it.” The alpha female that led the Whitehawk Pack was “an extremely pretty
animal, uniquely white,” he says, but he thinks it’s too bad that some
wolf lovers named her Alabaster.

Jon Marvel is among those who believe wolf management has gone way too
far. Any wolf that has a number or a radio collar or a name, “it’s not
even a wolf anymore,” he says. “It’s a recipe for destroying wildness.
It’s a semi-domesticated animal. We might as well call it livestock.”

But Niemeyer keeps coming back to the basic goal, saying everyone should
focus on “all the wolves we’ve saved.” He hopes the level of rhetoric will
continue to drop. “We’ve got to get away from the name-calling and get the
humanity back in this business.”

Ray Ring is Northern Rockies editor for High Country News.
Rocky Barker, who covers the environment for the Idaho Statesman in Boise,
contributed to this story.


  • a.. U.S. Fish and Wildlife Service, a central archive on wolf recovery,, or contact Ed Bangs, in Helena, Mont., 406/449-5225, ext. 204, or;

  • b.. Defenders of Wildlife, Suzanne Laverty, Boise, Idaho, 208/424-9385;

  • c.. National Wildlife Federation, Tom France, Missoula, Mont.,

  • d.. Western Watersheds Project, Jon Marvel, Hailey, Idaho, 208/788-2290,;

  • e.. Wolf Recovery Foundation, Ralph Maughan,,


Posted in Uncategorized
May 25

Wolf attack of pack horse leaves questions unanswered

Wolf attack of pack horse leaves questions unanswered


Three weeks after being attacked by four wolves above Pahaska Tepee, a
pack horse returned to the trail last weekend.

Randy Blackburn said the wolves scraped and punctured the horse’s hide but
left vital organs untouched.

Wildlife Services agents who investigated the incident for U.S. Fish and
Wildlife found “no injuries to the horse”and saw no scraping of the hide,
said Mike Jimenez of Lander, wolf project leader in Wyoming.

Blackburn said he aided the horse’s recovery by pumping it full of
penicillin. He said the animal was “pretty stove up” from the encounter.

The incident occurred May 6 near the confluence of Red Creek with the
North Fork. Blackburn was on horseback leading a pack horse up the trail
when a herd of elk came galloping down the trail past him.

From his experience he expected to see a grizzly, not wolves, chasing the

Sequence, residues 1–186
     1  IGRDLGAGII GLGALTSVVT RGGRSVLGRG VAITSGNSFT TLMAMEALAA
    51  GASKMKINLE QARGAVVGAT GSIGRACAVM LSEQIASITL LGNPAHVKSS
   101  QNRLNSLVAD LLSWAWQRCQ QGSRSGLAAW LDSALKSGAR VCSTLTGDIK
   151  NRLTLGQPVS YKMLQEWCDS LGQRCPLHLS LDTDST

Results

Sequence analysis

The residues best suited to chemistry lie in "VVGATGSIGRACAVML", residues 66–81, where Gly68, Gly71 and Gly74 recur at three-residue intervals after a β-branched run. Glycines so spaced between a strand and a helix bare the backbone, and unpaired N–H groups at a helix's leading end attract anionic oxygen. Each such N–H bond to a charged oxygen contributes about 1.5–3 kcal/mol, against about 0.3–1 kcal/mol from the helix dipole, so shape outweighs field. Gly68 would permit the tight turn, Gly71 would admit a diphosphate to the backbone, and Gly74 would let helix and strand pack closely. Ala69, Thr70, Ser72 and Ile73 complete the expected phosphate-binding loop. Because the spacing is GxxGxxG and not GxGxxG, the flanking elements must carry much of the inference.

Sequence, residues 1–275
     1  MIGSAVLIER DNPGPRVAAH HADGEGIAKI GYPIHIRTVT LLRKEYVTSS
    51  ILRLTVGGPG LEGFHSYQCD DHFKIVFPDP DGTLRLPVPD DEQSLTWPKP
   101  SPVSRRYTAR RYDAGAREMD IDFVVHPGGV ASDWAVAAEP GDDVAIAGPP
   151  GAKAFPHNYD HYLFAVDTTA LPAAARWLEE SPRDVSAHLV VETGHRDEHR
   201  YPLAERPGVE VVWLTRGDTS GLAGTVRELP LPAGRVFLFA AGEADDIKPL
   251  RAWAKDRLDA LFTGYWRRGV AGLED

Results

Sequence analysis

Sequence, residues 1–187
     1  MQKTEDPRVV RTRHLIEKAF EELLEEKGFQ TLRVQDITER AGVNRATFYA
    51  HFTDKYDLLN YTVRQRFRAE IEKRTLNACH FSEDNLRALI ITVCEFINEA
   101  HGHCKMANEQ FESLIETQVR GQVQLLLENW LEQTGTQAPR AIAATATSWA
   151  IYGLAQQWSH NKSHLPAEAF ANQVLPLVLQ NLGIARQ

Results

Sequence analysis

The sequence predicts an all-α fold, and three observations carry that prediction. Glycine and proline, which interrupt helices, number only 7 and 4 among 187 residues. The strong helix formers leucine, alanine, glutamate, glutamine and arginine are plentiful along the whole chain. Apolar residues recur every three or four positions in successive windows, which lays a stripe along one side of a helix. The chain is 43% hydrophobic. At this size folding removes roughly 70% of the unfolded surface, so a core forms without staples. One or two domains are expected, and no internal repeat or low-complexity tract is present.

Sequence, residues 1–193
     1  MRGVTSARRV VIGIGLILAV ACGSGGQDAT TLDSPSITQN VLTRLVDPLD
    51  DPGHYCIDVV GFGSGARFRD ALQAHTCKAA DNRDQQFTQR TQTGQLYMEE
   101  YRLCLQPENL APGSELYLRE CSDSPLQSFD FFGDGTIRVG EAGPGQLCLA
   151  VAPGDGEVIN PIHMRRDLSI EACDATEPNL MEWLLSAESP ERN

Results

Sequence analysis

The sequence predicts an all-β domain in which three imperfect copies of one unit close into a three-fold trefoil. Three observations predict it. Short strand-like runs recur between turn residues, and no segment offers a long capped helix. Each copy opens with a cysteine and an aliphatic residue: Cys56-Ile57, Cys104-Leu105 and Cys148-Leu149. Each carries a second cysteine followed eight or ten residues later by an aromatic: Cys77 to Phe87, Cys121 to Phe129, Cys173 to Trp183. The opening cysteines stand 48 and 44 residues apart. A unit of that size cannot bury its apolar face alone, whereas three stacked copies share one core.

elk. The wolves ran by his horse and, instead of pursuing the elk,
targeted his pack horse.

The wolves began biting the horse “while I still held the rope,” Blackburn

The pack horse jerked the lead rope out of Blackburn’s hand. Reaching for
his rifle, he realized he’d tied it into the scabbard.

“I don’t usually do that,” he said, vowing never to do it again.

Blackburn had his hands full trying to quiet his mount. That accomplished,
he went to find the pack horse and discovered an animal wounded but not

Blackburn figured the wolves saw the pack horse as an elk.

“We were in the wrong place at the wrong time,” he said.

But there’s no right place or time for wolves in his opinion. Blackburn
said he wishes no wolves were around.

“I’m on record as opposing re-introduction,” he said.

But the wolves are there and are protected on public land unless they’re
threatening human safety, Jimenez said.

People can shoot wolves on private land only if they’re attacking domestic
animals, which doesn’t include pets, he noted.

Jimenez said he finds Blackburn’s theory about the wolves seeing his pack
horse as an elk “possible.” The incident marks the first time he’s heard
of wolves attacking a pack horse.

“It’s unusual for wolves to mess with horses,” Jimenez said.

He’s heard of wolves spooking or chasing horses, and his records show
three colts and one horse killed in the last 3-4 years.

“I don’t dispute” Blackburn’s story, Jimenez said.

In incidents between wolves and domestic animals, Jimenez explained,
Wildlife Services handles the investigations. Agents in the Casper office
did not return phone calls from the Enterprise.


Posted in Uncategorized
May 25

Pack kills prolific wolf No. 7

Pack kills prolific wolf No. 7

Gazette Wyoming Bureau

Wolf No. 7 had a rough start.

As a pup in 1994 near Hinton, Alberta, Canada, she got snagged in a
trapper’s snare that looped around her neck. Game managers found her that
way and fitted her with a radio collar. The tracking device turned No. 7
into a “Judas” – a term researchers use for wolves that lead them to the
rest of their pack.

Members of the pack, including No. 7 and her mother, were transported to
Yellowstone National Park in the winter of 1995 as part of the effort to
reintroduce gray wolves to the Northern Rockies.

No. 7′s mother went on to become the park’s most famous wolf, No. 9, the
queen of the Rose Creek Pack and the most influential contributor to the
park wolves’ gene pool.

No. 7 didn’t do too badly, either. She started the park’s first naturally
forming pack and produced seven litters as the alpha female of the Leopold

“She came from a rude beginning in Canada and ended up in wolf paradise in
Yellowstone,” said Doug Smith, the park’s lead wolf biologist. “Her
imprint in the park was huge.”

On May 13, No. 7 was found dead on the Blacktail Deer Plateau. She was 8.

A preliminary necropsy indicated that other wolves probably killed No. 7,
Smith said.

“She was historic in that she was one of the first wolves brought in, so
it’s kind of the end of an era,” Smith said.

No. 7, No. 9 and No. 10, the alpha male, started the Rose Creek Pack
shortly after coming to Yellowstone. The male was illegally killed a few
months later and No. 7 set out on her own.

She spent eight months wandering as a yearling until she took up with a
male known as No. 2, who was also one of the wolves brought to the park in

“That was the start of the first natural pack here,” Smith said.